"We’ve seen a 20 percent jump in financial aid applications, because we’re going to make it easier and make the system more accessible," Obama said.

The Dynarski/Deming study supports the importance of lessening the paperwork.

"The results suggest that increases in educational attainment could be achieved at virtually no cost by making existing aid programs simpler and more transparent," the study said.

Obama also challenged universities to manage their affairs more efficiently and bring tuition costs down.

Educators say the improvements help but fall short of the need.

"Pell grants are not enough," said Noah D. Drezner, assistant professor at the University of Maryland.

"They are an important aspect to helping students from working class families to afford to go to college," Drezner said. "However, even with the recent increases in individual Pell grants, they do not cover as much as they did in the past. A few decades ago a Pell grant could cover up to 60 percent of a student’s tuition and fees. Today it covers half of that."

Drezner noted that, according to Obama’s reform, after this academic year, Pell grants will increase annually in relation to the consumer price index-something they had not done in the past.

"However, if tuition and fees across the country continue to rise faster that the CPI, the impact of the Pell grant will continue to fall," Drezner said.

Columbia University’s Levin agreed that Pell grants, while useful, are not enough in themselves to overcome the affordability dilemma. Levin also cautioned against counting on technology for the solution.

"The shift to e.learning is hardly a solution for most, even if lower in cost, because it lacks the structure and accountability of more conventional education and has a high attrition rate," Levin said. "One study in Los Angeles found that only 6 percent completed degrees in the largest e.learning program in the country."

Levin added that, although the economic factor is critical, it is not the only reason students do not complete college. As the administration has also acknowledged, academic preparation for higher education is often lacking.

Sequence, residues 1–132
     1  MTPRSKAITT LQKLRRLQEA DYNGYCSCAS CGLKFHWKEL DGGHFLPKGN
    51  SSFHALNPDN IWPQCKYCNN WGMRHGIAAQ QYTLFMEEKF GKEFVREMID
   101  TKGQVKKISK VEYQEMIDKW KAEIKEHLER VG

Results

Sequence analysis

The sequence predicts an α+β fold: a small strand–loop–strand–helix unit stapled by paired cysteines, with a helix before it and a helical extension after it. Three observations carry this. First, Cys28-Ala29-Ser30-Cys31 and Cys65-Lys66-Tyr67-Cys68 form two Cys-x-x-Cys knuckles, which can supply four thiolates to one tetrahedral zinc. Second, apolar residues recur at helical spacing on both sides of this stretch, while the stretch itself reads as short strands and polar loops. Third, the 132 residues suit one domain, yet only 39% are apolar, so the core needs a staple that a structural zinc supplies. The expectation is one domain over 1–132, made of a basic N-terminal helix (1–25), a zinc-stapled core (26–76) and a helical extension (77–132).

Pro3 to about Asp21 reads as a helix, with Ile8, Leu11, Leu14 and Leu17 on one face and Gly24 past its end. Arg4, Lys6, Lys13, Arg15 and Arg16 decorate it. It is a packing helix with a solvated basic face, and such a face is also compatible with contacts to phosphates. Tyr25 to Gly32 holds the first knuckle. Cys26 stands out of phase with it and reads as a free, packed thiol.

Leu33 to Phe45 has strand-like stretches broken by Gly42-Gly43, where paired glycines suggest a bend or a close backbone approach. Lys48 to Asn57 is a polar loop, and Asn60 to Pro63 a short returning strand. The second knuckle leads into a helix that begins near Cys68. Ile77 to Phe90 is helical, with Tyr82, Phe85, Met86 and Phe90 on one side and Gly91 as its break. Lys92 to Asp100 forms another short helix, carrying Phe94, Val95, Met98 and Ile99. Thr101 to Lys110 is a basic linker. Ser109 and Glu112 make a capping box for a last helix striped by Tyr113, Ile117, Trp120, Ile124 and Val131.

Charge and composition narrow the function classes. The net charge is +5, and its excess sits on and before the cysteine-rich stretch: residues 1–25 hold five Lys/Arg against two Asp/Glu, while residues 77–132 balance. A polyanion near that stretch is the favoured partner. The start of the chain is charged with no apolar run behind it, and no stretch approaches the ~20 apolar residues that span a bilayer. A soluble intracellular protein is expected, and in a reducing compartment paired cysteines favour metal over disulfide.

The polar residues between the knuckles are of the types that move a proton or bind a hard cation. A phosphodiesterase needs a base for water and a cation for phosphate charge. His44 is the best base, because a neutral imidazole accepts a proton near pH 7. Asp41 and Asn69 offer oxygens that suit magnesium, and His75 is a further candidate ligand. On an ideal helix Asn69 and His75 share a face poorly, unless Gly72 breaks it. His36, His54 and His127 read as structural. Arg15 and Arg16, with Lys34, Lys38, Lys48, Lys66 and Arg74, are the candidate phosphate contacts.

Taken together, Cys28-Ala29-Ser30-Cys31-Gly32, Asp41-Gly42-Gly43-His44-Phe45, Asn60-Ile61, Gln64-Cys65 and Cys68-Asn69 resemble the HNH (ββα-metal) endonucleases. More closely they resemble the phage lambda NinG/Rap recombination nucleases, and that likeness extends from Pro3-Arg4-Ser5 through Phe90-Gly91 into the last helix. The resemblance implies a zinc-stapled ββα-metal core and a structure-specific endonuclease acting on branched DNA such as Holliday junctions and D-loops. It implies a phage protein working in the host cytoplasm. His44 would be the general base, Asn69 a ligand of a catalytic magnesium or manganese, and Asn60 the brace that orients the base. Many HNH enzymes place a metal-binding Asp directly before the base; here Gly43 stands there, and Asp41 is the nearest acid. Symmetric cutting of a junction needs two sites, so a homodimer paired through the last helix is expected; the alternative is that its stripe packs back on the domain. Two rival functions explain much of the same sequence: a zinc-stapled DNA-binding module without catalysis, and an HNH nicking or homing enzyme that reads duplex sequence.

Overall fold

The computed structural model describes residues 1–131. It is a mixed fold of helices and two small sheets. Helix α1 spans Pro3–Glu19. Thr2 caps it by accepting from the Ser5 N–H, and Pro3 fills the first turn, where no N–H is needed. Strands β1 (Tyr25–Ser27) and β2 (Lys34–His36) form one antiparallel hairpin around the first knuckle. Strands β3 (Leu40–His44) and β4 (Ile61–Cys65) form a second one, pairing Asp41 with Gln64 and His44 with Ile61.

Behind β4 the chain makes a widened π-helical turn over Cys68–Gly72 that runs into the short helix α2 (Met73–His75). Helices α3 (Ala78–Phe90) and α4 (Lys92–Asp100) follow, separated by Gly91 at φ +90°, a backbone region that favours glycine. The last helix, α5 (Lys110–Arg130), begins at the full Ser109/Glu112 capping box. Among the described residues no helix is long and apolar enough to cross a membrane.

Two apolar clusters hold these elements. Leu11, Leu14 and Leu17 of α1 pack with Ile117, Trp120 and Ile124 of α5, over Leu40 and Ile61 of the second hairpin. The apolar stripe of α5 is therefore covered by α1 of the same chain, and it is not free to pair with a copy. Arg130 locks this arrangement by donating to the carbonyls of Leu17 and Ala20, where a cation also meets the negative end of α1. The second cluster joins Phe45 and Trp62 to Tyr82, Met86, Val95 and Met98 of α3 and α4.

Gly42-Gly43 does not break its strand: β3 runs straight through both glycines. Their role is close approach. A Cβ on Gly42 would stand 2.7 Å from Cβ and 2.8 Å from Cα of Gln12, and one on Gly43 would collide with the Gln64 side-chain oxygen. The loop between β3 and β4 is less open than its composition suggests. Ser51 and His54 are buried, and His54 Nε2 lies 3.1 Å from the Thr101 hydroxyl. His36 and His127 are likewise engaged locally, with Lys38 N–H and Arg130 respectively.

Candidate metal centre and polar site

"We can’t afford to let our young people waste their most formative years," Obama said in Austin. "That’s why we need to set up an early learning fund to challenge our states and make sure our young people, our children, are entering kindergarten ready for success."

Obama touted his administration’s Race to the Top initiative which rewards states for progressive school systems. He also said the nation should make a significant investment in identifying successful educational methods and making these available nationwide as models for improvement.

"There are community colleges like Tennessee’s Cleveland State that are redesigning remedial math courses and boosting not only student achievement but also graduation rates," Obama said, adding that the government needs "to help other states pick up on some of these models."

Obama emphasized the importance of pursuing educational improvements, calling education "the economic issue of our time."

"It’s an economic issue when the unemployment rate for folks who’ve never gone to college is almost double what it is for those who have gone to college," he said. "Education is an economic issue when nearly eight in 10 new jobs will require workforce training or a higher education by the end of this decade. Education is an economic issue when we know beyond a shadow of a doubt that countries that out-educate us today, they will out-compete us tomorrow."

Secretary of Education Duncan called Obama’s goal to increase college graduates by 8 million by 2020 ""the North Star for all of our educational initiatives."

It remains to be seen how well the educational system and the nation will track it.